Two hundred tormented priests raise their voices in an agony of penitence, timpani pounding and strings ablaze. And always the tolling of the bells, the bells. It sounds more like the Day of Judgement than a Disney soundtrack.
But then The Hunchback of Notre Dame, first released in 1996, was always a difficult concept. The material couldn't quite lose the unhappiness of Hugo's original, despite its modern messages about body image and equality.
The music created even more of a fuss. Scored by Disney veteran Alan Menken (Aladdin, Beauty and the Beast and The Little Mermaid) with lyrics by Stephen Schwartz, the soundtrack had a gothic edge which allegedly terrified kids the first time round. Remastered, it is now re-released to coincide with the launch of Menken's latest Disney score, Home on the Range.
It's worth it. Hunchback is a fully-formed musical, a soundtrack which works without the film. The narrative is strong and characterisation clear.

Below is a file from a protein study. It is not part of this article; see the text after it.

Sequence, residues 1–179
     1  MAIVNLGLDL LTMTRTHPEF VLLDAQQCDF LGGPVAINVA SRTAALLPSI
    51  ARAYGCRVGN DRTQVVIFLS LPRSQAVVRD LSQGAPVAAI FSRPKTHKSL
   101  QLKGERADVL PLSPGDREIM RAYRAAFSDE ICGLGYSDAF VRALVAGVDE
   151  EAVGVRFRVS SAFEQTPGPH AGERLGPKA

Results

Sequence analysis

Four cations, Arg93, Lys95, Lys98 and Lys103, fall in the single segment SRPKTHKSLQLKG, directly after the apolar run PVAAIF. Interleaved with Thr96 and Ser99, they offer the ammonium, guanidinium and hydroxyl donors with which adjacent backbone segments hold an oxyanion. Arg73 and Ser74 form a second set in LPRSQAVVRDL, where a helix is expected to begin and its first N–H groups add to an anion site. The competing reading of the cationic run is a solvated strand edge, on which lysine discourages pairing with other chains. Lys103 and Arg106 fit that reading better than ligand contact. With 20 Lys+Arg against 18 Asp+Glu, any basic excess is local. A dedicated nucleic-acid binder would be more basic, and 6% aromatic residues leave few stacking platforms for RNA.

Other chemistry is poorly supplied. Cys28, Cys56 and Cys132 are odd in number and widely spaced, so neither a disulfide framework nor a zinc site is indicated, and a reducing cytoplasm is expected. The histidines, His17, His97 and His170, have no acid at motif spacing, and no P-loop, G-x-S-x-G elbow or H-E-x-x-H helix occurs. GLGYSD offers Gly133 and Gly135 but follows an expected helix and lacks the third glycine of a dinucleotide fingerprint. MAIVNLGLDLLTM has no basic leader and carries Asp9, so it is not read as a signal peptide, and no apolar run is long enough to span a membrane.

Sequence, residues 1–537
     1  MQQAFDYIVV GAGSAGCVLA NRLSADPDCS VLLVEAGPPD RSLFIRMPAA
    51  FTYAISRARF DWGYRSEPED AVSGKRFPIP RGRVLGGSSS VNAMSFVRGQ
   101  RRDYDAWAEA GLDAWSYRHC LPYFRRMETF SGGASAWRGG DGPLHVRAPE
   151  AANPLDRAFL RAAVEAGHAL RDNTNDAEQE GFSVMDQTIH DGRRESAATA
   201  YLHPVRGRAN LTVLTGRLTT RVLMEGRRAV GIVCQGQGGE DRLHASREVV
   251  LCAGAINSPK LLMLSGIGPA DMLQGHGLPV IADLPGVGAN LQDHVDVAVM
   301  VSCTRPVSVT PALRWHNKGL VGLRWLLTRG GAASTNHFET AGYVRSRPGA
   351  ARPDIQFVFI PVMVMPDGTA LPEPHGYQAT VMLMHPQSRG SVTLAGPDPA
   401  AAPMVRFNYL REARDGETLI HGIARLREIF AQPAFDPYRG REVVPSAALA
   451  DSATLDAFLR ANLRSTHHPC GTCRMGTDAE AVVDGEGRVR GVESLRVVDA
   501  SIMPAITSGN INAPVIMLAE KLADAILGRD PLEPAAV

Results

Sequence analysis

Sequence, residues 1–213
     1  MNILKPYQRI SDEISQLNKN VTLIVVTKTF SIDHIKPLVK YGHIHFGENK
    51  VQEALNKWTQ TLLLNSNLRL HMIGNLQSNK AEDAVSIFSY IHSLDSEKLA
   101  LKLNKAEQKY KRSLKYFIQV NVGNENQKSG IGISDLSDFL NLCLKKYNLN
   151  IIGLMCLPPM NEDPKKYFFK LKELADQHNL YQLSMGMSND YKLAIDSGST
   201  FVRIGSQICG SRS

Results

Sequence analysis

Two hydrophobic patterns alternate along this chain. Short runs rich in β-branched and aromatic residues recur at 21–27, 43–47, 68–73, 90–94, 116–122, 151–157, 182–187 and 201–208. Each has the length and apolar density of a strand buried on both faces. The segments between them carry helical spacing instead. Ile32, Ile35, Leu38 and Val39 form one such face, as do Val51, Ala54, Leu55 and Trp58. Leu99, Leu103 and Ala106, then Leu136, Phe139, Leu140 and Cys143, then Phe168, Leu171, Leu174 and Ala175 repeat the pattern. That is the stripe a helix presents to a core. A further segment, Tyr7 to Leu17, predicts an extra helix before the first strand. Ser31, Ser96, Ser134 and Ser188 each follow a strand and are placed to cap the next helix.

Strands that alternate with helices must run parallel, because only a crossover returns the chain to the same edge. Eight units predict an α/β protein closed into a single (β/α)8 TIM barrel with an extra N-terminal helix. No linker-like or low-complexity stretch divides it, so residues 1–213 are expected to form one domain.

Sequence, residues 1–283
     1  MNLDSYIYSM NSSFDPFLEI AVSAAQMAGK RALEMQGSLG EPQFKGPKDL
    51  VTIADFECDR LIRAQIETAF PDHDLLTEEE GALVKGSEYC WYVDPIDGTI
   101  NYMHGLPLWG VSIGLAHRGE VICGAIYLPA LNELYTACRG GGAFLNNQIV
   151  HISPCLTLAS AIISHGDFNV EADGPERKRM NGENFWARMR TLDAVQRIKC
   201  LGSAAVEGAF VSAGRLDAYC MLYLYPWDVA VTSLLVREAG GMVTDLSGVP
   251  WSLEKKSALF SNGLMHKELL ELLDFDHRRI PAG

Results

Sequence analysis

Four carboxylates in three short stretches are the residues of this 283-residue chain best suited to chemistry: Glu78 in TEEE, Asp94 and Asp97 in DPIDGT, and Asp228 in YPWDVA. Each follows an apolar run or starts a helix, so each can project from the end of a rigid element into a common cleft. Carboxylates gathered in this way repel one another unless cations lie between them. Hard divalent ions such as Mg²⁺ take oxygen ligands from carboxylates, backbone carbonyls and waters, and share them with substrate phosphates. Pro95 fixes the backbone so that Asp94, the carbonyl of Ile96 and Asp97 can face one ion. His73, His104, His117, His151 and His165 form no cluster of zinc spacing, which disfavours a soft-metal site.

The music's pretty sophisticated. Opening track "The Bells of Notre Dame" sets the tone: an unholy marriage of the Tridentine Mass and Les Mis. Driven by hysterical choirs and crashing percussion, the Latin liturgy is indeed rather scary. It's most effective in "Hellfire", a histrionic setting for the fantasies of monstrous monk Frollo, sung in deliciously desiccated tones by Broadway veteran Tony Jay.
Alongside the demonic is some nicely hammy comedy. "Topsy Turvy" is a big showtime number with a slapstick MC and a swelling chorus. "A Guy Like You", a song of encouragement by Quasimodo's friends, has some charming lyrics. "You're a surprise / From every angle", they reassure him.
Less likeable are the straight numbers. The sentiments of "God Help The Outcasts", Esmeralda's plea for society's rejected, are spoiled by syrupy production and an overwrought performance from Bette Midler. Ditto Eternal's charmless "Someday."
Still, Hunchback ranks among Disney's best soundtracks, certainly of recent years. Chocka with chutzpah, it has a decent libretto, big numbers and a playful imagination. Just think twice before playing it at your six-year-old's bedtime. --Jack Smith
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